Some may be
First we need to have an idea of what kinds of things spells can target, because in order to understand whether or not something counts as an object for the purposes of this spell, it will be helpful to be able to answer, 'if it is not an object, what else can it be?'
A spell's description tells you whether the spell targets creatures, objects, or a point of origin for an area of effect (described below).
Thus besides objects, we know that spells can also target creatures and points in space. Lest you think this is an exhaustive list, remember the rule of specific over general:
Choose one creature, object, or magical effect within range.
Even though a "magical effect" is not a creature, object, or point in space, and thus not something a spell can target by the general rules of spell targeting, the specific rules of dispel magic say that it can target magical effects, so it can.
While not exhaustive, this is a pretty good list of candidate categories. Locate object targets only objects, so is a portal an object, a creature, a point in space, or a magical effect?
Planar Portals (DMG 45 - emphases mine):
"Portal" is a general term for a stationary interplanar connection that links a specific location on one plane to a specific location on another. Some portals function like doorways, appearing as a clear window or a fog-shrouded passage, and interplanar travel is as simple as stepping through the doorway. Other portals are locations - circles of standing stones, soaring towers, sailing ships, or even whole towns-that exist in multiple planes at once or flicker from one plane to anther. Some are vortices, joining an Elemental Plane to a very similar location on the Material Plane, such as the heart of a volcano (leading to the Plane of Fire) or the depths of the ocean (to the Plane of Water).
From this description it is clear that there are different kinds of portals. All (planar) portals are connections between different planes, but while some function like "doorways" (being an empty area in space), others are vortices, and still others are locations - locations as small as a sailing ship to as large as a town.
All portals seem to be 'magical effects', and the ones that "function as doorways" are perhaps that and no more. Some seemed tied to specific places but not physical structures, so something like a vortex might best be described as a 'point in space'. But the portals described by the DMG as "locations" are not so much locations in a spatial sense as in a dramatic sense - they are linked with physical structures, and some of them are even mobile (like a sailing ship).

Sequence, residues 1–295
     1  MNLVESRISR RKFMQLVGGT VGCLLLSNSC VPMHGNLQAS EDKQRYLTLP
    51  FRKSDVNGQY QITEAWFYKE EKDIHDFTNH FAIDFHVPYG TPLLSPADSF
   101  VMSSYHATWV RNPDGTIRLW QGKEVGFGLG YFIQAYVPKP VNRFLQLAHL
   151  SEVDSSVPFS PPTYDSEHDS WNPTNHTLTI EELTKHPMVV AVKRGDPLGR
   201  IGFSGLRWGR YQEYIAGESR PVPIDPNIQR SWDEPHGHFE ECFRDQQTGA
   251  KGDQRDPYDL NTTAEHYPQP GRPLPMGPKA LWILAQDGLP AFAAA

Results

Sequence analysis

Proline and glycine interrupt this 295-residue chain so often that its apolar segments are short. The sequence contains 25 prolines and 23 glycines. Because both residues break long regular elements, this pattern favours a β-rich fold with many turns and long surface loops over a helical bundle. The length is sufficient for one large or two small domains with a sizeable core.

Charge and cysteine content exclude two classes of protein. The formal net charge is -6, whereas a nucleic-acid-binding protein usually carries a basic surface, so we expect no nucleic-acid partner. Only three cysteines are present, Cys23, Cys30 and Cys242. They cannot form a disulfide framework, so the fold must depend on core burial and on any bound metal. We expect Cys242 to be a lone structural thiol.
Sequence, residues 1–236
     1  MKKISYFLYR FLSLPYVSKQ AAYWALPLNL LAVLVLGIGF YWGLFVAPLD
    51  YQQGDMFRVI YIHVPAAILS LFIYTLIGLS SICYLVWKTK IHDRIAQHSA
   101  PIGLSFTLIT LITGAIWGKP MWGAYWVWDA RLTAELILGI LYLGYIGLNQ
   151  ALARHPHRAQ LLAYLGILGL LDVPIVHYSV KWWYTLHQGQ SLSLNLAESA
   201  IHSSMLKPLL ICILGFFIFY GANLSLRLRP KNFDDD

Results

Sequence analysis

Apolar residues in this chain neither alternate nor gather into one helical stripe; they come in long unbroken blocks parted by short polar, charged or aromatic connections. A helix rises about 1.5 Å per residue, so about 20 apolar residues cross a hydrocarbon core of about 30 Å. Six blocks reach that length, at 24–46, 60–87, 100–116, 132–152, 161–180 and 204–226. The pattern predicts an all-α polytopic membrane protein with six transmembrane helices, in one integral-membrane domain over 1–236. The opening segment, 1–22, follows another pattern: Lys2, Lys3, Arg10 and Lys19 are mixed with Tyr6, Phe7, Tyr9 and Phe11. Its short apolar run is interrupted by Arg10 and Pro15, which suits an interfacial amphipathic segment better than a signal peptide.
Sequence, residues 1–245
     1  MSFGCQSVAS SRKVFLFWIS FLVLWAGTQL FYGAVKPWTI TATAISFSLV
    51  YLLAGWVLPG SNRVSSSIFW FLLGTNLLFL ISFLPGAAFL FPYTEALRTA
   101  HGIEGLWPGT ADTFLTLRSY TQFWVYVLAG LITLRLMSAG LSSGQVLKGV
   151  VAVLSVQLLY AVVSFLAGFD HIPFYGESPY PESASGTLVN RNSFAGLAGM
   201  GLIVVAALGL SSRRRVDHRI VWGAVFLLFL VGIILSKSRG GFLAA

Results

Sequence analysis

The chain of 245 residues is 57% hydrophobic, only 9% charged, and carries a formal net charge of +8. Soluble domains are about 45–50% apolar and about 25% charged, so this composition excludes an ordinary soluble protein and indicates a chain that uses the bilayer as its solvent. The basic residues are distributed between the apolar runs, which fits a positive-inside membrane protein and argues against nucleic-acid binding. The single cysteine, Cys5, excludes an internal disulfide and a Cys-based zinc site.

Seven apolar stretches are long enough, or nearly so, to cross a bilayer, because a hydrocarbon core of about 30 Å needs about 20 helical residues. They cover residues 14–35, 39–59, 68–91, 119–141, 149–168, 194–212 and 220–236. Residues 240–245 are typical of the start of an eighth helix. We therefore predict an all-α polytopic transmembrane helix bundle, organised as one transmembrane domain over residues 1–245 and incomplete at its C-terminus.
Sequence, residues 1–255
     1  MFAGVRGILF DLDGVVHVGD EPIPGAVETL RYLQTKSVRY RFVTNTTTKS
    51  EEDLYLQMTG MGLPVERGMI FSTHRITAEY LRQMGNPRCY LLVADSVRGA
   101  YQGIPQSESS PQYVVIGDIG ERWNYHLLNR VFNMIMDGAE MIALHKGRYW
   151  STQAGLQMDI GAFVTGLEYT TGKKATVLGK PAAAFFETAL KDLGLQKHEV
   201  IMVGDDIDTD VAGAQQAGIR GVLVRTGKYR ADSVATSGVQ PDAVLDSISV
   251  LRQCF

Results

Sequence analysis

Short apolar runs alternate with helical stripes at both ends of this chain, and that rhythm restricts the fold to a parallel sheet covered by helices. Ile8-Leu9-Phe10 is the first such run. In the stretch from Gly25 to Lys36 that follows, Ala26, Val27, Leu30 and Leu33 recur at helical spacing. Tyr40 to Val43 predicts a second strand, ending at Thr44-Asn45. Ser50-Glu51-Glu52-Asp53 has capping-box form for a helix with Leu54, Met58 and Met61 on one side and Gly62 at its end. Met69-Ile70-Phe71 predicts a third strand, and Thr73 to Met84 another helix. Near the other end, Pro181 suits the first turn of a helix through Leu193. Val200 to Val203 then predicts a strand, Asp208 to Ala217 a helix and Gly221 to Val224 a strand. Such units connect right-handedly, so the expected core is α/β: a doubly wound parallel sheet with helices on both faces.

For those portals that are tied to physical structures, "object" seems to be a pretty good description of what they are - at least it is better than the other candidates. You could split hairs and say, "the standing stones are just a physical structure around which the portal manifests, they are not the portal itself - the portal itself is a magical effect". That would be fair, but then it would be equally fair for the user of locate object to specify their "nearest object of a particular kind" as 'the standing stones around which the portal is manifesting'.
The DMG says that:
For the purpose of these rules, an object is a discrete, inanimate item like a window, door, sword, book, table, chair, or stone, not a building or a vehicle that is composed of many other objects.
This seems to place an arbitrary limit on the size or complexity of objects, such that rules like Ghosts of Saltmarsh say that sailing ships are not objects, they are collections of objects. Unfortunately, there is no consistency to these definitions, so (for example) a much larger Spelljamming ship is treated by the Spelljamming rules as an object! Personally, I think that objects exist at the scale of game interactions, and what is treated as an object can change in different situations. However, even in a game with a more literal interpretation of what an object is, careful wording of the locate object spell should be able to pick out such things. 'I try to locate the mast of the sailing ship that is serving as the location of the portal,' should do, for example.